SAY GOODBYE TO THE FLU


Combat the FLU with Elderberry




We are right in the middle of Flu Season so it is only right that I begin talking about ways to boost your immune system. This has honestly been one of the worse seasons I have seen with tons of Tamiflu being prescribed. So many patients have literally yelled at me in a panic since the medication became scarce and we had to compound the formulation. The truth is there is a natural way to fight the flu. Let me introduce you to one of my favorite herbs, Elberberry. Elderberry is a flower and berry with anti-viral properties used for centuries to fight the flu and other sinus infections. There are randomized, and double blinded placebo controlled studies that have shown elderberry superior in reducing the symptoms of the flu (clink on links below for more). Before entering the pharmacy for work, I place the supplement in my tea or water and drink at least 3 times a week. I am always exposed to those that are very sick and suffering from viruses and infection. It is very important that my immune system is always strong. I think of my immune system as a wall of very strong soldiers and viruses and infection trying to break my wall down. If I fortify my system with reinforcements the less likely my wall will come down. I have used elderberry for the past 7 years during flu season and have not contracted the virus at all. Elderberry is safe for use in children as well. Make sure to use the alcohol-free formulation, especially when using in children. Pick up a bottle today. If you are having trouble finding it, head to this link here.


Purchase by clicking here:


You will be glad you did.


This video will show you how easy it is to include Elderberry in your daily routine during flu season.


Other ways to prepare for flu season include sanitizing and washing hands, eating fruits and vegetables, eating out less, and taking vitamins and supplements.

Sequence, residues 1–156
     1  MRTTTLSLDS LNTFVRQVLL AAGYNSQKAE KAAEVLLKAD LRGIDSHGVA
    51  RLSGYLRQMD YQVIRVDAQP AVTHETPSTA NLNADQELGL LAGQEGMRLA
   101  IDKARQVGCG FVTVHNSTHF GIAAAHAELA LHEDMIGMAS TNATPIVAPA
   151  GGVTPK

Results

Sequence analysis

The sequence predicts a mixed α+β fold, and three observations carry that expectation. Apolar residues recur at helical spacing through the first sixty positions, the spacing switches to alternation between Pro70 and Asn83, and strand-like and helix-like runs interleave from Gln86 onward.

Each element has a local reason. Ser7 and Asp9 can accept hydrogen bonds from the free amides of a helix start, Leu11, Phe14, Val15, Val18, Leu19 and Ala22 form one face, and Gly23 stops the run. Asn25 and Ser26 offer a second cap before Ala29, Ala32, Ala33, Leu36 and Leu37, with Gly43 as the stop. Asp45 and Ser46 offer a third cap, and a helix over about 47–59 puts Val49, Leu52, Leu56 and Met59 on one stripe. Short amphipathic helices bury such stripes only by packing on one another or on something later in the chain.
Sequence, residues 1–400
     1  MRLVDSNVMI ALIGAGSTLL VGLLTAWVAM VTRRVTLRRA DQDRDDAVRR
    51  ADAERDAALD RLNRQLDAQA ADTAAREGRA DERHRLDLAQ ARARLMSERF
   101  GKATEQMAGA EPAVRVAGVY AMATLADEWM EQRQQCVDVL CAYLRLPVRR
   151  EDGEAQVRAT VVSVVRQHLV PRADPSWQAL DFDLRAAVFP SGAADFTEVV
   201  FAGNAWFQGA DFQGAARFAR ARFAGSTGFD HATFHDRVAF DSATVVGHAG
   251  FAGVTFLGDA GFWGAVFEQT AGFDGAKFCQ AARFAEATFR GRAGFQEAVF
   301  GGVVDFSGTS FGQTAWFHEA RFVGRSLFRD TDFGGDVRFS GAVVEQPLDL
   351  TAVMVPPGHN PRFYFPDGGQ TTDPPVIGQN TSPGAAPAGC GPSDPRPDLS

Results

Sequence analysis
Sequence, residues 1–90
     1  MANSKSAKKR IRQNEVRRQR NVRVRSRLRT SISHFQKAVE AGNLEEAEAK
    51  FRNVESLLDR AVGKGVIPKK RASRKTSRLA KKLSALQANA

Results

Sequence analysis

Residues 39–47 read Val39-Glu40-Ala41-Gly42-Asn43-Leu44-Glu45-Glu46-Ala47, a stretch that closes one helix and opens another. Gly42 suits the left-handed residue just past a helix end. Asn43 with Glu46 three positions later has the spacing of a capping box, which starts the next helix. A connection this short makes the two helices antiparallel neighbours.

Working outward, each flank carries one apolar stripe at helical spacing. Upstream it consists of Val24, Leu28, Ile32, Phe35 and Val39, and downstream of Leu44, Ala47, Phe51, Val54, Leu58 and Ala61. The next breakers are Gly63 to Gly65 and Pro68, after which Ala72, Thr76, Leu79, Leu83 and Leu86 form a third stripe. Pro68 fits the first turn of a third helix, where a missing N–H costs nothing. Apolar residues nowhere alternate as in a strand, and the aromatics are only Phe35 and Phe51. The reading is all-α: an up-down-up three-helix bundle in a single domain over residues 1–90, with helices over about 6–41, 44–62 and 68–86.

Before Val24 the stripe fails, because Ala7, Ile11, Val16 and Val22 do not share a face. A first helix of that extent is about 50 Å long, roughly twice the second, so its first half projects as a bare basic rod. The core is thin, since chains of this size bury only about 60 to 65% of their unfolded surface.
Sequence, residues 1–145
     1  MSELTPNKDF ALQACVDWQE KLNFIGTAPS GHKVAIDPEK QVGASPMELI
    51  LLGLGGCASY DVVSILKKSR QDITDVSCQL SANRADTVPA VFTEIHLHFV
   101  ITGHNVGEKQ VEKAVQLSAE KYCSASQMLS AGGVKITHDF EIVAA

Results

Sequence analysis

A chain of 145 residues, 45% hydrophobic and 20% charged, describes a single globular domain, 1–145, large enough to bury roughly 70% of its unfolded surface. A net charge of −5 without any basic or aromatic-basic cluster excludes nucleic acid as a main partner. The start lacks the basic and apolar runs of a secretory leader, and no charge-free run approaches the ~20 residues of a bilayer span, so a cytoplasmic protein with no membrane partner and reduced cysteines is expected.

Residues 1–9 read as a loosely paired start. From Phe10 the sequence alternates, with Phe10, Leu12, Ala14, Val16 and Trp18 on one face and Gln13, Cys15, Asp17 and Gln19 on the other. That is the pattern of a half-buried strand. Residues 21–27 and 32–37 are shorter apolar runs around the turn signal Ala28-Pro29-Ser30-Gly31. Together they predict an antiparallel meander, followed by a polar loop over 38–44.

During flu season, so many get infected simply because they placed their hands on top of counter someone just sneezed on and rubbed their nose, or wiped their face after shaking someone's hand. WASHING HANDS is the first and primary way to prevent the flu from spreading. Also keeping your work space clean and home clean can also prevent the virus from spreading. Using sanitizing wipes kill the flu virus you may be unknowingly bringing in from work to your home.


The Flu season begins in August and ends the end of March to the beginning of April. Before the flu season begins, load up on your fruit and vegetable intake. Fruits and vegetables naturally boost the immune system and gives your body the nutrients it needs to fight the virus. Adding a vitamin C supplement to your daily vitamins will also boost your immune system. If you are not taking a regular multivitamin, I would highly recommend you start today. The benefits are endless from boosting energy to fighting free radicals. Are you getting sick all the time? If so, your diet is likely in need of reformation and you need to add a multivitamin to gain more nutrition. Usually when I ask recurrently sick patients if they take a multivitamin, the answer is NO. Such a simple investment can make the difference in how you fare during flu season. I recommend vitamins from NatureMade since this is one of the few companies backed by the USP (United States Pharmacopeia).


Another precaution to take during flu season is to eat out less. In our society, convenience is everything and food usually falls in that bracket. However, during flu season, you are never sure who is behind the counter making your meal. You would hope most restaurants practice ethical standards and remove sick employees, however, some people don't even know they are sick and are making your food. Take the time to cook your own meals or plan ahead to limit your exposure to the flu. You may have to eat out, but limiting the times you do reduces your exposure.


The time to be proactive about the FLU season is now!


Would love to hear your feedback and questions below!


Studies:

https://www.ncbi.nlm.nih.gov/pubmed/27023596

https://www.ncbi.nlm.nih.gov/pubmed/15080016

https://www.ncbi.nlm.nih.gov/pmc/articles/PMC3056848/


Monique Diltz